Week 18: Sleuth and the power of attorney puzzle
Sleuth is a sideways glance at the city each week. It's the truth, but Sleuth's truth. Sometimes Sleuth even gets serious, but not often... @mcrsleuth
Williamson for the Northern Powerhouse
Sleuth hears rumours that Gavin Williamson who was sacked for leaking sensitive information from the Cabinet this week has been offered the job of heading up the Northern Powerhouse initiative. A spokesperson said: “Mr Williamson should fit the job perfectly, he was the Secretary of State for Defence and the Northern Powerhouse needs some serious defending.” Mr Williamson, who denies the Cabinet leak, said: “I think I will fit the role perfectly, there will be no leaks, as nothing at all is happening with the Northern Powerhouse so there’s nothing to leak.” Sleuth hears the real reason Williamson was sacked from the Cabinet was that he was from the North and not public school educated, and thus didn’t really fit in.
Power of attorney puzzle
The editor-at-large, Jonathan Schofeld, was walking down Cross Street when he got a call. “Hello, it’s Adnan, I used to run one of the Northern Quarter curry cafes.” “Not heard from you for years,” said Schofield. “Yea, hope you are ok? I was wondering if you could act as power of attorney for some of my relatives in Pakistan,” said Adnan. “Er, what, why? I haven’t talked to you in years and know nothing of these people. It’s not what I do, Adnan, I’m a writer and tour guide,” said a very confused Schofield. There was a pause on the line, then: “You’re that Jonathan. I have two Jonathan’s in my phone and the other one was my solicitor when I was in Manchester. Sorry. See ya.”
Crime and marketing
For a cack-handed attempt at gaining publicity Signature Living’s decision to call the oldest railway hotel the Quality Street Hotel has predictably caused ‘outrage’ - as the MEN called it. The Commercial Hotel on Liverpool Road opened in 1830 to serve people travelling on the Liverpool and Manchester Railway – the oldest passenger railway system. Signature Living want to convert it into boutique hotel themed on the shady Manchester crime gang of the 60s-80s: The Quality Street Gang. It is quite the most ridiculous thing Sleuth has heard in a long time. Tacky, tasteless, thoughtless. Mind you, the utterly rubbish Peaky Blinders bar on Peter Street is also themed on criminals, who were far less lovable than their TV counterparts, and the Lower Turks Head on Shudehill has a bar themed on The Scuttlers, a bunch of very violent youth gangs with not a single saving grace.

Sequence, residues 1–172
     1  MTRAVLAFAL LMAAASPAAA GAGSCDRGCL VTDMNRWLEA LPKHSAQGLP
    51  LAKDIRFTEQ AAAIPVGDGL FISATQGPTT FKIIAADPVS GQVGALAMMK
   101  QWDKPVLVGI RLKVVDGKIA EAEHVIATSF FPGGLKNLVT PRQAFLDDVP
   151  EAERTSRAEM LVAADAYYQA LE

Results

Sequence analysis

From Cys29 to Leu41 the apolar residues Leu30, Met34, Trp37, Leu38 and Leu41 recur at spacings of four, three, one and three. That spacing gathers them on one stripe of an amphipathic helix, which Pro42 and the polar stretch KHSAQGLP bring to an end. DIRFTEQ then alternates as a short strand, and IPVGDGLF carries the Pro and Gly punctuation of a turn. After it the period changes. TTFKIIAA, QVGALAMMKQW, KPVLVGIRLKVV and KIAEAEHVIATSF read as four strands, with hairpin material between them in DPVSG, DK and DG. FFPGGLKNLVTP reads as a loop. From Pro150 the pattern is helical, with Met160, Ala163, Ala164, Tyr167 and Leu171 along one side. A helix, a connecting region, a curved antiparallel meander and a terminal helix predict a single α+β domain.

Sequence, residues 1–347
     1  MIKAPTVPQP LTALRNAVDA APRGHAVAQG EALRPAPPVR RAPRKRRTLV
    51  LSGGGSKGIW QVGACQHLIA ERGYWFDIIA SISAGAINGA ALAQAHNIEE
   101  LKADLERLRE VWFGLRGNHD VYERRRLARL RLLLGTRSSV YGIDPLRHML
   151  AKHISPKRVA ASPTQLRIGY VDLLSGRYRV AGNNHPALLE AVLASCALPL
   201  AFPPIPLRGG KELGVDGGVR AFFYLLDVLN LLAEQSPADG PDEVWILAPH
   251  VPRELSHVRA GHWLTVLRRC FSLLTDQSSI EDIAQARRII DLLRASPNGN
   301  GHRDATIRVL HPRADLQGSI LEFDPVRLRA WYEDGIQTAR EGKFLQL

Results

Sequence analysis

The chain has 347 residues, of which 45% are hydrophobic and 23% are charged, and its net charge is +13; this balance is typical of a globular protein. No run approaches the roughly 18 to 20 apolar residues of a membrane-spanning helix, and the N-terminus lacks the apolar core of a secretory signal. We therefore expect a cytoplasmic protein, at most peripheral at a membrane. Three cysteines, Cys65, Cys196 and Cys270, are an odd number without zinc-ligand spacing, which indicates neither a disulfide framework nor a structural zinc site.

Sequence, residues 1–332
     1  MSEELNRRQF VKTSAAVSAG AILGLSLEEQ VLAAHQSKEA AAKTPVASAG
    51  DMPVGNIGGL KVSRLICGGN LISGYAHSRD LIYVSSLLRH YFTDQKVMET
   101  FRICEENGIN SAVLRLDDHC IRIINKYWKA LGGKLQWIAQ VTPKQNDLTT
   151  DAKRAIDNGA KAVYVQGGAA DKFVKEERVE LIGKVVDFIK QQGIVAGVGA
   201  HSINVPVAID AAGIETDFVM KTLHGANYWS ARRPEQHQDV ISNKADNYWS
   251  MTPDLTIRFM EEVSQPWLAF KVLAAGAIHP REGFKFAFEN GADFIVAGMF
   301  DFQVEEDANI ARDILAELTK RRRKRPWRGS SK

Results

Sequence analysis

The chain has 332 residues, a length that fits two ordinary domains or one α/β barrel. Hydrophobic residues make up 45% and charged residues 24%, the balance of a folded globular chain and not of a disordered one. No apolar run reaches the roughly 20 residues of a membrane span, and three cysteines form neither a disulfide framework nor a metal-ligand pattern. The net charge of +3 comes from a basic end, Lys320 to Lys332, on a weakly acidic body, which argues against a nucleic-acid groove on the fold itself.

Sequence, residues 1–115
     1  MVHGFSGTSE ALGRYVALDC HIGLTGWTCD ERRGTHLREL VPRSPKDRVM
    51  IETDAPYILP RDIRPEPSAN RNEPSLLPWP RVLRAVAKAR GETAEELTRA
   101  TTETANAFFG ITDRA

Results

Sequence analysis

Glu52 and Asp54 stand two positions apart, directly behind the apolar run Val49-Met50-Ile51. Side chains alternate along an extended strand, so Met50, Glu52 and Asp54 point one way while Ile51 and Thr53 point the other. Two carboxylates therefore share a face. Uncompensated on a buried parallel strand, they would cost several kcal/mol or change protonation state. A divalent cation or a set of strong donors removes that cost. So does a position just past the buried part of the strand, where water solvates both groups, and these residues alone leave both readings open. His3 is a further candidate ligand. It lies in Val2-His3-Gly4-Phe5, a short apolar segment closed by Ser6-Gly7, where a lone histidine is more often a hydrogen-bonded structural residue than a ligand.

Crime and tourism
The extra problem with the Quality Street Hotel is that it’s referring to recent bad behaviour. Councillors have branded the idea: ‘tacky, crime-worship tourism’. By some accounts the most popular guided tour in the world is the Jack-the-Ripper Tour in London. People are very odd. But at least those terrible events took place more than a century ago. Crimes still fresh in the memory, where there might be living relatives, have to be treated with extreme caution in terms of exploitative money-grubbing. It’s good therefore that the tour company that outrageously offered a tour called ‘Dark side of Manchester: Savile, Ripper, Brady, Shipman and some other bad folk’ in August 2018 have seemingly abandoned the idea. What’s more incredible is that they offered it in the first place.
Sleuth was passing the building works for the Jeremy Deller artwork between Manchester Central and the Midland Hotel. Two construction workers in hi-viz were passing at the same time. “What are they doing here?” said one of them. “It’s some art thing to commemorate that Peterlee event?” came the reply. “What was that then?” asked the first. “Dunno. It was ages ago, I think?” “Oh, ok.” Sleuth rather hopes that once the artwork, a mound with inscriptions and names, is finished the Peterloo Massacre of 1819, might become a little better known. A little, at least.
Photograph of the week – clasping on to the bridge
Sleuth always thinks canals are better with locks.